1 tan = 360 tsubo (bu)
But, due to the nationwide land survey (Taiko Kenchi) started in 1582 by Toyotomi Hideyoshi, tsubo (bu) was changed as follows:
1 tan = 300 tsubo (bu)

Roughly, 1 tsubo is an area needed to produce rice consumed by a single person a day (3 go = 3 x 150 = 450 g).
1 tsubo = 3.3 m2 (1.818 m square)
The unit of tsubo is still widely used to express the area of a land or building.

Note:  Today, around 500 kg of rice can be produced from 1 tan of rice paddy.


1反 = 991.74 m²
1反 = 10畝
1反 = 360坪(歩)
1反 = 300坪(歩)

大まかに言って、1坪は一人が一日に食べるお米(3合 = 3 x 150 = 450 g)を作るのに必要な面積です。
1坪 = 3.3 m2(1.818 m四方)

注: 現在では、一反の田んぼからお米が約500 kg収穫できます。


Fräulein Trude said...

I buy about 1.5 kg rice every month or 750 g per person. Quite a difference.

Hiroyuki said...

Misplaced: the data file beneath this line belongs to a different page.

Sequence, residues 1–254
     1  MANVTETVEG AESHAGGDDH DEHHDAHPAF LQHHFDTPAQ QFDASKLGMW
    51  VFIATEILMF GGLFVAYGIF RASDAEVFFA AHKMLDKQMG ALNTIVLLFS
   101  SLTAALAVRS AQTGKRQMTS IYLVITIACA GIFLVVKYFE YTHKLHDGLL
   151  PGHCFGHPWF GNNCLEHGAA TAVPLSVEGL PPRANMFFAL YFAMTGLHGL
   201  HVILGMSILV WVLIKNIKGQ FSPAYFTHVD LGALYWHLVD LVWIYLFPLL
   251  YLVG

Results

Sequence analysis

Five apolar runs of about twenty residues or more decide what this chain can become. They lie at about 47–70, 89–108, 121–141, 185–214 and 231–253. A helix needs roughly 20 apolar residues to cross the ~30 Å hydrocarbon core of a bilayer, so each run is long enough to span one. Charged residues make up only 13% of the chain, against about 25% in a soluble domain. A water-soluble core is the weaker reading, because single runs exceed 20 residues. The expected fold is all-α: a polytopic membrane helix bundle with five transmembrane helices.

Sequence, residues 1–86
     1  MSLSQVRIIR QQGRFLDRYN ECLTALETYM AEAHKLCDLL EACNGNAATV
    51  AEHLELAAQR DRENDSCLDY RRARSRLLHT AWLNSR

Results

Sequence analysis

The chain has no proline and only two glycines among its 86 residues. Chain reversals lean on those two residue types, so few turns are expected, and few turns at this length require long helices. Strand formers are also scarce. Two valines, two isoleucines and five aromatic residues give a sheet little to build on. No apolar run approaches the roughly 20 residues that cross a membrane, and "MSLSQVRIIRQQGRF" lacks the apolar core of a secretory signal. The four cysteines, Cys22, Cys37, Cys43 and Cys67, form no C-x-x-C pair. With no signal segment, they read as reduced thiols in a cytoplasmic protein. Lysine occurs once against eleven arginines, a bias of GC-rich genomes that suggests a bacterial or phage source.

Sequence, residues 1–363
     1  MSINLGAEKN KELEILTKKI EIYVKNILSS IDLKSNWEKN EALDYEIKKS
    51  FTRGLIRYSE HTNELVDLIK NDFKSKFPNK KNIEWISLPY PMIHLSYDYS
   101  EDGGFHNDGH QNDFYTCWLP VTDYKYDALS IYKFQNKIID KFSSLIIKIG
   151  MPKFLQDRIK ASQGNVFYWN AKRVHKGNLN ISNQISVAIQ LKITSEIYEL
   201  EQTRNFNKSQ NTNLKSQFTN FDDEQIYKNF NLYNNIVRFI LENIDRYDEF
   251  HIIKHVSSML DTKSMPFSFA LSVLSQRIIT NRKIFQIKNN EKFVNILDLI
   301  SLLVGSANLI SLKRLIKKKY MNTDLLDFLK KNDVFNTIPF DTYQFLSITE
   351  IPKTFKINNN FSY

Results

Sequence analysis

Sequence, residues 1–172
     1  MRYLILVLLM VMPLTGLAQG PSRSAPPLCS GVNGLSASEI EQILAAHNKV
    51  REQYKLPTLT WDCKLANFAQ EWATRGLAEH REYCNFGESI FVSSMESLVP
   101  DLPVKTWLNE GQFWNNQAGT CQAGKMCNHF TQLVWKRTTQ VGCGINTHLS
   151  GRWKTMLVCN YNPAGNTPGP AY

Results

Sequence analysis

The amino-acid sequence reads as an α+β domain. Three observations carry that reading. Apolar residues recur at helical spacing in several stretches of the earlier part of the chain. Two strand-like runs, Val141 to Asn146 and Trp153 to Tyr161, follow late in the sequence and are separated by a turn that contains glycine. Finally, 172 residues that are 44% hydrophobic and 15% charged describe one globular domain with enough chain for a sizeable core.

Kiki: Rice is Japan's staple, although its status as the staple is threatened by bread. (A shocking news item two years ago was that the Japanese spent more money on bread than rice.)

We still think of rice in terms of kilograms, whereas we think of meat in terms of grams.

If I haven't had any rice in a day, I will feel that I missed something at the end of the day. I think that a majority of the Japanese will think the same way.

Sissi said...

Very interesting. Do you think that nowadays many Japanese still consume 450 g of rice a day? (Apart from farmers and manual workers of course).
Since we became addicted to the Yumenishiki rice, we have been buying 5 kg every two months (of course my husband eats much more than me!), but I have never seen Europeans buying 5 kg bags of rice.